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“What Do I Care For Morning” is an episode of growth and recognizing the needs of another person. Be it Charley recognizing the needs of Davis or Ralph Angel to be a role model in their son’s lives. Perhaps recognizing the greatness and intellect in another person as Nova does. If not something as simple as Hollywood recognizing the type of woman he has in Aunt Vi and that he needs more of the loving she gives.

Ain’t Nothing Like A Black Woman: Nova, Aunt Vi, Hollywood

With Hollywood back, Aunt Vi and him take three days to get reacquainted. Of which, scene to scene, generally they are either just done making love or resting before the next round. But, the sex aside, we get reminded how beautiful their relationship is. Not only that, but sort of reminded how rare it is to see a woman Aunt Vi’s age, which I believe is somewhere in the 60s, to be girlishly in love, sexual, and not just playing the role of the matriarch.

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But we also get a rare sight out of Nova too. Not just her flirting with an attractive Black man, but one who actually challenges her mind. As shown in the first two episodes, Nova has been running through a handful of men for company. However, none of them mentally challenged her like Dr. Robert Dubois (Alimi Ballard). None of them go toe to toe with her much less are about the same social issues as her. So, in a way, it seems she met her match. Which perhaps is why she doesn’t jump his bones.

For if there is one thing I think has become clear, and connects Nova and Charley, if someone is important to them they take their time. For just like Remy matches Charley so well, Dr. Dubois matches Nova. So it should be interesting to see how their relationship evolves. Especially in terms of seeing how Nova is as a girlfriend to a Black man in comparison to a Black woman or a white man.


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Don’t this look like a poster for a romance film? Just missing its title?

Though a lot of the focus is on the love lives of Aunt Vi and Nova for this topic, I would be remiss to not mention Nova’s mom and Charley’s mom. For, since we have actually seen Ernest, he has been the noted parental figure who has been the most influential. However, with Charley calling her mom in the last episode and Nova noting what she learned from her mother, the women are finally being given props here.

Heck, though not said outright, though I do believe said before, Aunt Vi surely is another inspiration to these young women. I mean, look at her. She is vibrant, can hang with them girls despite being twice their age maybe, and she has barely slowed down. On top of that, she is in top health, and represents the best of the femme and masculine gender norms. She is strong enough to run a business and the people there, just as much as she is strong enough to be vulnerable, emotional, and forgiving.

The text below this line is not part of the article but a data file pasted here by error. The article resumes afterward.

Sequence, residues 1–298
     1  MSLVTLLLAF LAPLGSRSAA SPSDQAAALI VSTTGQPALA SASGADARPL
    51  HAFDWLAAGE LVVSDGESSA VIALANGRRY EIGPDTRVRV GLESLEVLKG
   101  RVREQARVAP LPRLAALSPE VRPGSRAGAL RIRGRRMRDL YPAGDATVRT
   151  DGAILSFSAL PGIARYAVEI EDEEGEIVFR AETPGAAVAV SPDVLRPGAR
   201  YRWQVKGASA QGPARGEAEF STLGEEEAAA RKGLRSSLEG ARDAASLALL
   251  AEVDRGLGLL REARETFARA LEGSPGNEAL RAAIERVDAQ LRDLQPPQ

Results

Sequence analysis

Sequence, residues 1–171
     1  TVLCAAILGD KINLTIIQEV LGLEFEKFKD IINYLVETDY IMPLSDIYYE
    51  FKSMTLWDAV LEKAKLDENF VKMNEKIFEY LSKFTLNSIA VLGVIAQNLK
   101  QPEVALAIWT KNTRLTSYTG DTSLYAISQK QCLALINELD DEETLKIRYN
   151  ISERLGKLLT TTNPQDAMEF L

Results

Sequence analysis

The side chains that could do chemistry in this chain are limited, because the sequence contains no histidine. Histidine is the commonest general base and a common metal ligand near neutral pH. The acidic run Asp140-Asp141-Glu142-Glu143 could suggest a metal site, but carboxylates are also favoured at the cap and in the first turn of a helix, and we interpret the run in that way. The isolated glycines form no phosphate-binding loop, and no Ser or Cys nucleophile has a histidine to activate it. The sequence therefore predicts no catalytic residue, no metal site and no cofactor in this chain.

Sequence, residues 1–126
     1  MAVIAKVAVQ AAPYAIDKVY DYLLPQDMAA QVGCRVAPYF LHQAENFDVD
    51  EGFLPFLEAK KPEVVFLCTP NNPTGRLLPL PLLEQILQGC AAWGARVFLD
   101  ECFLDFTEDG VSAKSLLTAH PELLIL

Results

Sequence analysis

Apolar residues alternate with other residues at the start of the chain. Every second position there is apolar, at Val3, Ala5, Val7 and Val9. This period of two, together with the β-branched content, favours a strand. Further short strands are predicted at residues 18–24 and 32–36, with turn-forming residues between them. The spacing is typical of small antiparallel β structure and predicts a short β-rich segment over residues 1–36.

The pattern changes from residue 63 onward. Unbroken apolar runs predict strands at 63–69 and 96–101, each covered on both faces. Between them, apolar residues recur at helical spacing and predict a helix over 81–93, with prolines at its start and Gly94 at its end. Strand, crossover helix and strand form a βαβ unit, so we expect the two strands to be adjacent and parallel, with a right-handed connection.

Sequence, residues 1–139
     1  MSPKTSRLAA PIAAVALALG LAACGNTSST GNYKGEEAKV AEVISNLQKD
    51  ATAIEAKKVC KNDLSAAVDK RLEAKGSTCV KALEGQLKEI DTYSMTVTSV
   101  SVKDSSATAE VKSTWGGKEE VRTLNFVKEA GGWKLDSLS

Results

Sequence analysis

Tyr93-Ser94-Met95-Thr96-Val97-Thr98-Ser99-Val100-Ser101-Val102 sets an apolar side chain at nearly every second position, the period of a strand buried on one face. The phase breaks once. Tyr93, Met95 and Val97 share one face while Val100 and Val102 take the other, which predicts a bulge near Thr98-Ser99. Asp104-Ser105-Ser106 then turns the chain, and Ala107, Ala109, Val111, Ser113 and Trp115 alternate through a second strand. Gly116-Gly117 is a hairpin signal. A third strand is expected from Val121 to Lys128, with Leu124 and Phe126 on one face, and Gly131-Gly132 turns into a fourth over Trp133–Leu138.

Black Fathers: Ralph Angel, Davis, Charley

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Though Davis and Ralph Angel are two different kinds of father, both have been inspired by Ernest and seem to desire to match his example. Especially Davis for he didn’t have a father figure in his life until he inherited Ernest. So while the two men are very different in social standing and finances, it becomes clear their goals are the same. Of which, Charley sometimes seems like an obstacle.

For Ralph Angel, Charley is what stands in the way of him being a man. For bad enough he got this rap sheet, but also his sister doesn’t trust him. That is despite her not doing the day to day work. Much less, it isn’t like when he previously asked or took money he got Blue a fancy toy or him a new Ford truck. It seems he gets that while Charley has money, it didn’t come from a tree she shakes every few days. All he wanted to do was make his father proud, take care of Blue, and prove to those who did and didn’t have faith in him, he knows what he is doing.

As for Davis, as much as there is a desire to see the whole scenario as ego or him trying to pick up a win in the divorce, it isn’t that. As noted, he did not have a dad. And while Micah has a village raising him, including a sort of paternal figure like Ralph Angel, and eventually Remy, they aren’t Davis. Much less, Micah is in the type of place where he isn’t eating, sleeping all the time, and that’s when you need your parents. So while Davis hasn’t been the best husband, he at least wants to be a father who is there for his son. Which, for both men, Charley steps aside, with a warning, that she’ll let them do what they need to.